I am inclined to shift the frame slightly and to posit that the issue is about how Europe views the Balkans as a whole, with the implication that Greece is part of the Balkans even if most Greek politicians would denounce that idea. The Balkans are part of Europe and also where the self-idealisation of Europe halts and evolves into something like horror. This is mixed, as writers like Maria Todorova (as well as Herzfeld) have reminded us, with the attempt of Balkan intellectuals and “civic society” to imitate Europe and, repeatedly, to reform away customs which were not European enough. As has been argued rather convincingly, nationalism was something missing in the Balkan 18th century which reforming activists introduced to the region to make it more European (and less Asian?). So the “ethnographical gaze” might start here – and, for example, specifically in the work of Herzfeld on Greece – and move on to Western Europe. He argues that Greece since the late 18th C has been trying to create a mirror, both of Europe and of Classical Greece, in order to please Europeans. The interaction between the Greek government and the Troika, with an arsenal of figures, or fake figures, is only the latest example of this. The Greek government hires Goldman Sachs in order to facilitate its entry into the European Union, passing the tests of fiscal probity, by creating figures whose immaculate fakeness passed every test of fiscal improbity. The attempt of the EU to impose democracy on the Eastern European accession tier can be seen as a similar exercise – a clash of academic reason and unwritten customs. And Greek tax returns can be seen as colourful “magic realism”.
But the ethnographic project is still open. Tom Harrison returned from fieldwork in Melanesia to set up (in 1938) an anthropological study of Britain – Mass Observation, “the study of ourselves”. The results were extremely interesting. Perhaps one day Herzfeld will study Lancashire.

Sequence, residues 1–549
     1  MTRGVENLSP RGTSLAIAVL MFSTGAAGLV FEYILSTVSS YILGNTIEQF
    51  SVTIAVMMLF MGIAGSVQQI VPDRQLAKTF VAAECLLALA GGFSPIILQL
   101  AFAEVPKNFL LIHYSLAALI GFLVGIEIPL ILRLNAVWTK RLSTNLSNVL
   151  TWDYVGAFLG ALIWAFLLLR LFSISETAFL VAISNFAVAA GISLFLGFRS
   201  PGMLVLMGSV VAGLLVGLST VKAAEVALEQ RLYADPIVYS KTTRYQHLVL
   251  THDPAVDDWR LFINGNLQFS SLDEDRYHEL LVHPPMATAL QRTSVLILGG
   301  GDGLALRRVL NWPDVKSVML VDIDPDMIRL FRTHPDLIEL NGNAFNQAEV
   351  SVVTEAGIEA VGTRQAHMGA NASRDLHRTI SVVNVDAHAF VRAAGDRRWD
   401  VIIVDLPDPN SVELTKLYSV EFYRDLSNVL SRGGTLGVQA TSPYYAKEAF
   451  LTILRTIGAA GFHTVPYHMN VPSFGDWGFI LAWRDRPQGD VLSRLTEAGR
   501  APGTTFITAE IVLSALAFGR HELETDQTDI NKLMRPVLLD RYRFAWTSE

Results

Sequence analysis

There is one thing by Dumezil which I am not sceptical about, and that is Le problème des centaures. The material he is dealing with involves quite a bit of Polish folklore… it is fascinating and he doesn't disintegrate it in analysis. So Indo-European studies are exposed as a branch of antiquities. And I had an idea that I could use folklore in poems. And in fact dumézilian ideas, from Centaures, do turn up in one poem – ‘Twelve Days’ (in Savage Survivals).
I have just been listening to radio programmes about Vaughan Williams and his collecting of simple folk material, in Yarmouth, which he could develop into orchestral music. This concerns the relationship of folklore and literature; it suggests the possibility of the enucleation of Indo-European themes, simple like any oral literature, into “modern” literary forms in periods which had states and towns. I suspect that the process, musically or otherwise, is mainly new information being added, not the repetition of archaic and bound forms. Dumézil was slightly younger than the “nationalist” composers but still old enough to have absorbed their ideas and seen simple tunes as the basis of a national music, or literature. This is the ruling idea behind his search for impossibly ancient themes crouched at the base of classical literary texts. Somehow from within Livy’s history of Rome you can recover a folk tune which is 2000 years older and which Livy was apparently unable to alter.